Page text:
I want to press the Government on their intention about replacing the old Chieftain tanks. Are they still thinking about buying new tanks, either from the United States or from the Federal Republic, or are they committed to placing that order with, in effect, the royal ordnance factory in Leeds? If that order is not placed, it will be a devastating blow to our defence industry. It will mean the closure of the old ordnance factory, now under new management, and would have a considerable effect on subcontractors in Britain's defence industry. I hope that when the Minister replies he will tell us a little more about the Government's intentions in relation to tanks.

The Minister mentioned briefly light armoured vehicles. As I understand it, many of those—the Fox and Ferret reconnaissance vehicles, the AFV432 personnel carrier, and some of the older Scorpion tracked vehicles —will have to be replaced. What are the proposals for the replacement of many of those vehicles?

The Minister said nothing about the so-called self-propelled howitzer. The SP70 has already cost the British taxpayer £88 million in an abortive multinational exercise. What will happen now? Will the order be placed with the United States? I believe that Vickers at Barrow and Vickers at Newcastle have put proposals to the Government. What is the Government's intention? Can the Minister at least tell us that the Government intend to buy British and to provide the Royal Artillery with the self-propelled gun that it requires and needs?

On expenditure, I raise again the Schleswig Holstein question. Perhaps I should leave that to my hon. Friend the Member for Knowsley South (Mr. Hughes), who knows exactly whether Schleswig Holstein is in Denmark or in Germany, but there is a commitment to the defence of Denmark and Schleswig Holstein, and 16,000 British troops are part of that commitment. Some people —General Sir Frank Kitson is one—believe that in terms of NATO that commitment is more important than even the commitment to Norway. I do not know about that, but it is certainly an important commitment from which the Government have been trying to resile over the past year. They have been trying to move away from it and to cut down on it. I hope that when the Minister replies he will tell us exactly what is happening. Are the Government still negotiating through NATO with the Danish Government on that important NATO commitment?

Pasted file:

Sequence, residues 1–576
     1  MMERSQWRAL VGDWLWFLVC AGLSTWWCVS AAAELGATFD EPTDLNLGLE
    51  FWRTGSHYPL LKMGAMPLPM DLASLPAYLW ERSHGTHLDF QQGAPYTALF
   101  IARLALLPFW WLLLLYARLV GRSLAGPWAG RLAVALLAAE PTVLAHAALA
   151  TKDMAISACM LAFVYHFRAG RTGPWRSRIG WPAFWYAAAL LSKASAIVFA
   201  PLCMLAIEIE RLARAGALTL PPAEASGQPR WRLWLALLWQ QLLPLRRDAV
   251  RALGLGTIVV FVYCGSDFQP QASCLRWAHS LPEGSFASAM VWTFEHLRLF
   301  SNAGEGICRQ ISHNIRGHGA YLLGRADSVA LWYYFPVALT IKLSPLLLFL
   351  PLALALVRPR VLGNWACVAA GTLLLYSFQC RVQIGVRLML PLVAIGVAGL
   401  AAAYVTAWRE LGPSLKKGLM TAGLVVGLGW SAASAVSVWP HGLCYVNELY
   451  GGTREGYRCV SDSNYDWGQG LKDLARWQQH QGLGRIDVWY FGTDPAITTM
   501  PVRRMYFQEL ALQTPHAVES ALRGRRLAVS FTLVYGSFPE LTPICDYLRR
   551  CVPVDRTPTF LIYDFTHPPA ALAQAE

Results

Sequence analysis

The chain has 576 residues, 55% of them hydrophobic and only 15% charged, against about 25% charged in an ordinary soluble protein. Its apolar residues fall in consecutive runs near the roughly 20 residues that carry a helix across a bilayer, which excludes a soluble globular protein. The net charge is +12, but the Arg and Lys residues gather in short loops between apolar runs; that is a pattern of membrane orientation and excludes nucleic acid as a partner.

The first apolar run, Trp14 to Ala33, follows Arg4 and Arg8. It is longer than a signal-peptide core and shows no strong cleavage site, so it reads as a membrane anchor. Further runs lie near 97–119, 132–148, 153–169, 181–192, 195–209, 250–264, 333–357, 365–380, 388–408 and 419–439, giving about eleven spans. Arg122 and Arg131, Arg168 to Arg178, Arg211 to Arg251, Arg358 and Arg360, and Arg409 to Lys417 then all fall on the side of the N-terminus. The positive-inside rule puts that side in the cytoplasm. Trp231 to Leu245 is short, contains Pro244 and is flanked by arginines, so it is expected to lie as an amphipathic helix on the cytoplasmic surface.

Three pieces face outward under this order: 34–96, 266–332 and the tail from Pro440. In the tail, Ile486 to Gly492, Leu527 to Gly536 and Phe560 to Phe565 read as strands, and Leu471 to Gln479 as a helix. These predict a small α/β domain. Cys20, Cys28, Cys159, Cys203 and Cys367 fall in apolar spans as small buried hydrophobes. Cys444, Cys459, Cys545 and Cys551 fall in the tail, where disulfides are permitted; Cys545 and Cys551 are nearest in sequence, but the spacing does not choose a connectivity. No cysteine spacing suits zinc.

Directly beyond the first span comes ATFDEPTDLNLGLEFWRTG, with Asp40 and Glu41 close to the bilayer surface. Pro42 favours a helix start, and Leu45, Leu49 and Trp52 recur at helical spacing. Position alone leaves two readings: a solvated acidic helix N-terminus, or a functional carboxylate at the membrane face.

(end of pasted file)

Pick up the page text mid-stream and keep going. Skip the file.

The kind of equipment that the British Army needs obviously depends to a considerable extent upon NATO's collective strategy, which must be influenced by NATO's perception of the intentions of the Soviet Union—whatis described as the threat — and by the relationship between the Soviet Union and the United States.

The Minister touched upon the INF agreement and uttered a few ritualistic sentences at the beginning of his speech about how flexible response was still completely sacrosanct. I wonder why the Minister felt it necessary to make those remarks. Perhaps there is some doubt or concern about it. Frankly, I do not believe that the concept of flexible response and forward defence is realistic any more. I have always believed that it was obsolete, and certainly after the INF treaty it is becoming more exposed and unrealistic. As I have said, it owed as much, if not more, to political factors in West Germany than it often did to sensible military doctrines.